By: Melanie Geddes
An employee suddenly quits. They don’t give any type of notice. They just never show up to work and never provide an explanation or reason for doing so. This type of behavior can have a much more devastating effect on small business than an enterprise organization, but no matter the size of the company, it can often feel like a bad break-up.
It creates hard feelings and a lot of wondering “what do I do now” and “How do I get the company property back?” If the employee was assigned company property or equipment, such as a phone and/or laptop, it’s not uncommon for business owners to assume that they can withhold wages like an employee’s final paycheck until all company equipment has been returned.
However, that’s not the case in many states.
For example, in North Carolina and South Carolina, employees are due ALL of their final and accrued wages on or before the next payday. So when that aforementioned employee does finally resurface, asking for their last paycheck, you cannot threaten to withhold it until they return company equipment.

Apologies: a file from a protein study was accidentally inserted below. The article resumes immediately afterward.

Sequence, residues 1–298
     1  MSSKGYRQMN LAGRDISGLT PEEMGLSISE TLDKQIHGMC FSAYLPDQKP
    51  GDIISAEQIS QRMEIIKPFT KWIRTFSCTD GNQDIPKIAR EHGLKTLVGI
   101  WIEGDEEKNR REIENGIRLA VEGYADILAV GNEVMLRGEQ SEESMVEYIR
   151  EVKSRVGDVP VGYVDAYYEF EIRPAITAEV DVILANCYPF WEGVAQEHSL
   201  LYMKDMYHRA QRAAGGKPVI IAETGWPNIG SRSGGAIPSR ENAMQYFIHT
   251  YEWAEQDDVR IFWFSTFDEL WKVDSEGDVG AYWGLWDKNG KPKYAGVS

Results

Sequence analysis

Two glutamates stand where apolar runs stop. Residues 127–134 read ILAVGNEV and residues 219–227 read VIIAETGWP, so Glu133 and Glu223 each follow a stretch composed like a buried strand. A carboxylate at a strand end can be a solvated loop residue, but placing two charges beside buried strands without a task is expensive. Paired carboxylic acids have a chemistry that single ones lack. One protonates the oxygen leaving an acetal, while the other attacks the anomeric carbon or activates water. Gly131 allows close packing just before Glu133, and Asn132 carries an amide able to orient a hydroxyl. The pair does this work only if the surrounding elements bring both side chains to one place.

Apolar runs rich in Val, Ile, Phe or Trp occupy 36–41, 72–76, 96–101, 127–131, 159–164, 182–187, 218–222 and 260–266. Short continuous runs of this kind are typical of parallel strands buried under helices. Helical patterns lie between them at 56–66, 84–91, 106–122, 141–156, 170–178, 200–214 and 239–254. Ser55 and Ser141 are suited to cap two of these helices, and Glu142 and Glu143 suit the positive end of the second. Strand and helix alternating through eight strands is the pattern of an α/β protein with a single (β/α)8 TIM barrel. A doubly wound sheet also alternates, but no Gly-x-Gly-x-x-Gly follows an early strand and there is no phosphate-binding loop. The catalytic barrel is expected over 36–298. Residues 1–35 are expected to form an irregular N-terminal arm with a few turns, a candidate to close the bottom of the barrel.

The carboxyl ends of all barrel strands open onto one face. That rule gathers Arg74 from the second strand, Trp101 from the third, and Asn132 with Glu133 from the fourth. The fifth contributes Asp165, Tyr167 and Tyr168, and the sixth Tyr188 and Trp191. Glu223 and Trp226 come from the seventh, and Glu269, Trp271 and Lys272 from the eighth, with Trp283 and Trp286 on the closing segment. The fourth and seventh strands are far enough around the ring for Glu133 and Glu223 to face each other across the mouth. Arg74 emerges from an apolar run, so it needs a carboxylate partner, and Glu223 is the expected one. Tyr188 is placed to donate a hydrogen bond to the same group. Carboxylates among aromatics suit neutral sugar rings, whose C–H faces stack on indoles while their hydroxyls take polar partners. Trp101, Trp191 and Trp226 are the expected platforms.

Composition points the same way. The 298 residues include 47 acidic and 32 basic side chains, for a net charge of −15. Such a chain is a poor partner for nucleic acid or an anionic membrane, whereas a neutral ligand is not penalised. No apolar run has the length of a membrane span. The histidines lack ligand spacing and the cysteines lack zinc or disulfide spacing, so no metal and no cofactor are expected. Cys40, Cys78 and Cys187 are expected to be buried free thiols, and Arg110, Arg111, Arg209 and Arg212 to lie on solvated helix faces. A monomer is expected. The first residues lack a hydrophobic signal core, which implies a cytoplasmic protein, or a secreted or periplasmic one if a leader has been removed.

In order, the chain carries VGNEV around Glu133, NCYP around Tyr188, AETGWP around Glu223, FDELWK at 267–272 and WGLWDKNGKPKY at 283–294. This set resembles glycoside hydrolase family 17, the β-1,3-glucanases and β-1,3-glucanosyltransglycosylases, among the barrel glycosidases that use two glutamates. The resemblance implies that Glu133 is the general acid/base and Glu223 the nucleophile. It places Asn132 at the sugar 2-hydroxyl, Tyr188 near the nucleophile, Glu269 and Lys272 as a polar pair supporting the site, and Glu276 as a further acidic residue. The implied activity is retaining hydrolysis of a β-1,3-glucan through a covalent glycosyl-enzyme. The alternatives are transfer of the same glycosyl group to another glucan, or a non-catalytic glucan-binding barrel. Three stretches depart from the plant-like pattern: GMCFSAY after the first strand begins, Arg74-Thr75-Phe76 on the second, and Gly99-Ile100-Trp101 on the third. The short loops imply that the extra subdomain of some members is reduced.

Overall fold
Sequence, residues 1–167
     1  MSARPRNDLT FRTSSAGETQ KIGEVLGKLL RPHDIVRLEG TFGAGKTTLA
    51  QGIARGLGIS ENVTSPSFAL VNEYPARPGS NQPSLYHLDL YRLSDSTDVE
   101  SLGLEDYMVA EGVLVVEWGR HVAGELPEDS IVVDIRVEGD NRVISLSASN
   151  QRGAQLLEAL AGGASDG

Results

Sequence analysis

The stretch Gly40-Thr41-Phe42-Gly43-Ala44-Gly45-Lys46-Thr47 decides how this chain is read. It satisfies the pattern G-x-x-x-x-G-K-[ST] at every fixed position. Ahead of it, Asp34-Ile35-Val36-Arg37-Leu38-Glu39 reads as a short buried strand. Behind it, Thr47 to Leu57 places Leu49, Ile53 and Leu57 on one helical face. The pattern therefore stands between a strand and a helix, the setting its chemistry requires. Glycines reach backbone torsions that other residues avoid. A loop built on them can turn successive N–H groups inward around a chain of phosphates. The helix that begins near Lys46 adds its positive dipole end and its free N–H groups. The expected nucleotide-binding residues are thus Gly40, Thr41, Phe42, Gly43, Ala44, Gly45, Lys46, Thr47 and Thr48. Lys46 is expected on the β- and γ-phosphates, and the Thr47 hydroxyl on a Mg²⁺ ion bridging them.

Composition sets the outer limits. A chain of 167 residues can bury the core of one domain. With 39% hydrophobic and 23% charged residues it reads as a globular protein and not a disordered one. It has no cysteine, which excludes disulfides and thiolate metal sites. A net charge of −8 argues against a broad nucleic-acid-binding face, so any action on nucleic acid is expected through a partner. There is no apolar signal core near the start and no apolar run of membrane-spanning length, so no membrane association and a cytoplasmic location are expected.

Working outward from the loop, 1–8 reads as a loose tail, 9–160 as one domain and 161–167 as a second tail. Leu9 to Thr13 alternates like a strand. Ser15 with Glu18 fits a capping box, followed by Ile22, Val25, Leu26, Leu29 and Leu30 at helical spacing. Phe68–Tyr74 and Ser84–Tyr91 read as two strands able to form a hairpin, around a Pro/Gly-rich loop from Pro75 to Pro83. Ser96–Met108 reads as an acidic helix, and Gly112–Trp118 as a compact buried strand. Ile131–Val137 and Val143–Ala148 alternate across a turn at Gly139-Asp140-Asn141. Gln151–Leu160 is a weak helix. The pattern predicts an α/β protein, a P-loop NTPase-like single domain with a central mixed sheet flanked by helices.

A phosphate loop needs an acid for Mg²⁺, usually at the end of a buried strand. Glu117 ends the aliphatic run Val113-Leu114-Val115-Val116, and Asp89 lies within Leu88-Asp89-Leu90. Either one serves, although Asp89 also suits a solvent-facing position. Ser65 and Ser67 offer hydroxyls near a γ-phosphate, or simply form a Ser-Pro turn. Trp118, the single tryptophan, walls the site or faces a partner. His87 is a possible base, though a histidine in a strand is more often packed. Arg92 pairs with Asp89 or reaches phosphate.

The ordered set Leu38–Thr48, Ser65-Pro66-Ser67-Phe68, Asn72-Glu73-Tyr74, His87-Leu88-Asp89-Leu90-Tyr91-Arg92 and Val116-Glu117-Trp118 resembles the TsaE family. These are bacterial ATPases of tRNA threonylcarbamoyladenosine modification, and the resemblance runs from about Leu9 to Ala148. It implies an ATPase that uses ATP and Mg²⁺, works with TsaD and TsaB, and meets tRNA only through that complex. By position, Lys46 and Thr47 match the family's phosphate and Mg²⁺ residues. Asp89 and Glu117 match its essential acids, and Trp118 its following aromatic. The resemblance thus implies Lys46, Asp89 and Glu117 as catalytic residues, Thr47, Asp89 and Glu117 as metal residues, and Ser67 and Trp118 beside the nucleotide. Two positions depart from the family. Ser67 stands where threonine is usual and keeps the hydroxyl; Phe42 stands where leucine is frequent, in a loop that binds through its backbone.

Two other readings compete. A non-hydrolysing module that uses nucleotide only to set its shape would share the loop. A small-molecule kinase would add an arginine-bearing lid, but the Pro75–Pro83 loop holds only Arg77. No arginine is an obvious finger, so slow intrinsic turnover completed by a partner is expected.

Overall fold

Also, that final paycheck should not only include wages earned but also any and all accrued but unused PTO or vacation time and/or sick time, depending on your specific policy, and any commissions earned. North Carolina wage and hour laws specifically address accrued, unused vacation time and commissions, and states that these should be paid on the next available paycheck after termination unless you have a written policy of forfeiture.
In order to protect yourself from having to pay unused, accrued time off to employees who don’t give the professional courtesy of a two-weeks’ notice, a written policy must be in place and made available to the employee, most commonly in the form of an employee handbook. For example, “if employee offers a two-week notice prior to separation, accrued but unused PTO will be paid to the employee. If no separation notice is given or if the employee is terminated involuntarily, accrued but unused PTO will be forfeited.”
The best protection for the return of company property, upon separation, is to be well prepared during the employee onboarding process. Employees should be presented with a Company Property Form that has a list of all company equipment they received and an explanation of their responsibilities related to the used and return of the equipment as well as any consequences related to violations of the agreement. Having the signed statement protects the company’s assets and sets a clear expectation for the employee about the company equipment.